‘The Good Dinosaur’ (2015)

If you’ve lost a parent to a natural disaster, you might think twice when your adorable little urchin asks you to put on “The Good Dinosaur.” Kids will see it as a funny movie about these prehistoric creatures that seem to fascinate them so, but you will lie slumped and sobbing in your chair, remembering when your emotionally-withholding daddy lost his life in a flood.

‘Finding Nemo’ (2003)

If Pixar ever decides to change its name, we suggest “‘Your Parents Are Dead’ Animation Studios.” The theme of losing a parent turns up in these movies quite a bit, and “Finding Nemo” is no exception – it’s the first thing that happens, in fact. While other children’s movies with at least one dead parent have been delighting children for ages (see “Bambi”), it’s an alarming way to start the film, and adults who grew up with only one parent may find that it’s a little too close for comfort, especially if they lost that parent to a barracuda.

‘Soul’ (2020)

“Soul” was released during the COVID-19 pandemic, so it didn’t get a theatrical release, going straight to the Disney+ streaming platform. That worked well because you could watch it with your kids while maintaining social distancing protocols and openly weeping. The story of a comatose jazz musician trying to get his soul back into his body, it’s about a lost person trying to return to familiar environs, a frequent Pixar theme. Children will think it’s funny while you bawl over age-old childhood traumas.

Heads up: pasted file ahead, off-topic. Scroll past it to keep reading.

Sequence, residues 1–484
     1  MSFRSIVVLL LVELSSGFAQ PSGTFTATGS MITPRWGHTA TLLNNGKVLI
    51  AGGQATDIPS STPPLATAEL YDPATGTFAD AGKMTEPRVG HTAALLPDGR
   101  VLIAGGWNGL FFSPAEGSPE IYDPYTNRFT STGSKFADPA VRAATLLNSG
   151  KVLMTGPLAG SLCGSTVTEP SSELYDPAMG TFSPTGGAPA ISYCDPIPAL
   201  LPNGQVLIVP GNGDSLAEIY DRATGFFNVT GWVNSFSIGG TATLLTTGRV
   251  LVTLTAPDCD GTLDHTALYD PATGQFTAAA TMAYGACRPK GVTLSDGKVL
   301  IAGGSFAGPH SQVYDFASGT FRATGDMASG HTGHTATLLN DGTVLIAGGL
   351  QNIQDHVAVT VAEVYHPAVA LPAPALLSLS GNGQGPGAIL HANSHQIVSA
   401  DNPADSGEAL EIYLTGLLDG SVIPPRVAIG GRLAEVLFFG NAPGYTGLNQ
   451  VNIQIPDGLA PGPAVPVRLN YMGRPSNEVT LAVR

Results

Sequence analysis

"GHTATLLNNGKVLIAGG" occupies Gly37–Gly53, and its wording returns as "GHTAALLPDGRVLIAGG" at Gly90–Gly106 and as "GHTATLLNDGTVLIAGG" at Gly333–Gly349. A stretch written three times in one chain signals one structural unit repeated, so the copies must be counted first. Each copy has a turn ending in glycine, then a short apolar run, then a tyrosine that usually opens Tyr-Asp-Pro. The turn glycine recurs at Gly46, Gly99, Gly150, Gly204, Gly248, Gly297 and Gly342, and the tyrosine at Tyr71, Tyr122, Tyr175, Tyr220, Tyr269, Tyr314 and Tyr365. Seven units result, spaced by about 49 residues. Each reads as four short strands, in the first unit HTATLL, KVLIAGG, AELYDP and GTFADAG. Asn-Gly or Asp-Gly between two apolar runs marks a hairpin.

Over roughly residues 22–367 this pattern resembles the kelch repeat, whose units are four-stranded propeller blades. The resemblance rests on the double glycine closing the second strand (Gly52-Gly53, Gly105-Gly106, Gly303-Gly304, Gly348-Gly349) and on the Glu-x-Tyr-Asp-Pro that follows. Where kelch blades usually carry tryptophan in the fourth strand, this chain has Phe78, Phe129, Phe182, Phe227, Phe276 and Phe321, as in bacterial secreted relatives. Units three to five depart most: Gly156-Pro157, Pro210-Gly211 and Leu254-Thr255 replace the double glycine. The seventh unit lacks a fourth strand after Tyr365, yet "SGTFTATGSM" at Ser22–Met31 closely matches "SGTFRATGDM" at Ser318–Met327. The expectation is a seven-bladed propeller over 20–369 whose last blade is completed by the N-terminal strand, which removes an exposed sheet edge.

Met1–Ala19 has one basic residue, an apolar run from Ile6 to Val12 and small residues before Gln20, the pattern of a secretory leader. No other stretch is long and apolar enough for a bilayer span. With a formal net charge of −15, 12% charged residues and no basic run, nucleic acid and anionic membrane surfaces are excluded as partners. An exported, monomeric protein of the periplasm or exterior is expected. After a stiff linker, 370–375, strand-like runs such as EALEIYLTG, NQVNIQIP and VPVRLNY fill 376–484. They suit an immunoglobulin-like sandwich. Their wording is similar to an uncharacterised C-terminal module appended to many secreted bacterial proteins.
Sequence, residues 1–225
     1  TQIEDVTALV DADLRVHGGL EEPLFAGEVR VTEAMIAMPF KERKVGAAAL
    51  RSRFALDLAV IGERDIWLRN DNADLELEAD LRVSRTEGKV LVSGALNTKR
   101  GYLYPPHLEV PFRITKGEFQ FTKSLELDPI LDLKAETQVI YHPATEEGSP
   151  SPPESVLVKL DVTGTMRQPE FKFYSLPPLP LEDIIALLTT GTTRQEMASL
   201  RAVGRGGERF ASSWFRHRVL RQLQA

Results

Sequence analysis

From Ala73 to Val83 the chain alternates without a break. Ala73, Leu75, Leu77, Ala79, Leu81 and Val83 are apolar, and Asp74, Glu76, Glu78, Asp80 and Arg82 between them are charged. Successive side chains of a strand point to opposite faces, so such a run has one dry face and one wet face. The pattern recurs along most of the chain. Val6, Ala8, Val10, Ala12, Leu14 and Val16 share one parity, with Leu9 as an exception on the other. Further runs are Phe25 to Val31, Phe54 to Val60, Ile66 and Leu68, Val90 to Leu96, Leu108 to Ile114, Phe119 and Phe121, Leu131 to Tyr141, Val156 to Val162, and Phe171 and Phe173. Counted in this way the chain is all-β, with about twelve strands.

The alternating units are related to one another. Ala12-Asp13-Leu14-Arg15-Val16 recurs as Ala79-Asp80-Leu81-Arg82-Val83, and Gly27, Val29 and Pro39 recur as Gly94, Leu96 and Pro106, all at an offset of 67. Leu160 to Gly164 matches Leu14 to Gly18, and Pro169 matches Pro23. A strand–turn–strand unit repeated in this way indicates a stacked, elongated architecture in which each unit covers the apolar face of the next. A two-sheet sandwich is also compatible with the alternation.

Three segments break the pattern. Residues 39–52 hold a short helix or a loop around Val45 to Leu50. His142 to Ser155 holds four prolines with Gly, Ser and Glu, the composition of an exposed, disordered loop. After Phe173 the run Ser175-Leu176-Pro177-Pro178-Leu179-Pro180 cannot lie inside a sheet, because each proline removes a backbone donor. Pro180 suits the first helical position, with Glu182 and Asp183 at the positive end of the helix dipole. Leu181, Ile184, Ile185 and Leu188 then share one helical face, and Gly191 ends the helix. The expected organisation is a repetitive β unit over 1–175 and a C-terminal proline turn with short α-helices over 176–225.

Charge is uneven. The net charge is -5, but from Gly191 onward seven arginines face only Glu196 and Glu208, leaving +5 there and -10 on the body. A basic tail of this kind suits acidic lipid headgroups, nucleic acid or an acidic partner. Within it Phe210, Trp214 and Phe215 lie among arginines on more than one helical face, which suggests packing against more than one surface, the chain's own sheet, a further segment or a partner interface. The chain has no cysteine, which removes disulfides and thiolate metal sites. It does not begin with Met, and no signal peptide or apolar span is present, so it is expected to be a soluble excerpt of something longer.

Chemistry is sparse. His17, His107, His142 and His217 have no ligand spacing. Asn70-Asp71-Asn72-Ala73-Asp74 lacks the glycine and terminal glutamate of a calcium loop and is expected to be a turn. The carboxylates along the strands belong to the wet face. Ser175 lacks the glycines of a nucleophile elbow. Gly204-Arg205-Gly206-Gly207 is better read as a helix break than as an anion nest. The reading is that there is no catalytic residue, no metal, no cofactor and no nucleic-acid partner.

‘Luca’ (2021)

Like “Soul,” “Luca” was another Pixar movie denied a theatrical release due to the pandemic. The story of a sea monster who takes the form of a human boy when he’s dry, it contains themes of familial separation and bullying, both of which can be more painful subjects for parents than kids. At least parents can enjoy the gorgeous depiction of coastal Italy while they ugly cry with lots of free-flowing snot.

Honorable Mention: ‘Encanto’ (2021)

Technically speaking, “Encanto” doesn’t belong on this list because it’s not a Pixar movie but a Walt Disney Animation Studios release. We’re including it anyway because it’s still an animated Disney property, and more importantly, it’s upsetting to adults. While your children will laugh and sing “We Don’t Talk About Bruno” on a perpetual basis, the depiction of familial strife, generational trauma, and unrealistic parental expectations will drive you to the Kleenex box, then the roll of toilet paper, and then whatever towel happens to be handy. It may not be a Pixar movie, but it’s Pixar in spirit to the traumatized adults watching it.

Editorial Note: This list was created based on the opinions of the author and editorial team. The choices presented are subjective and can vary depending on personal preferences and perspectives.

This article was produced and syndicated by MediaFeed.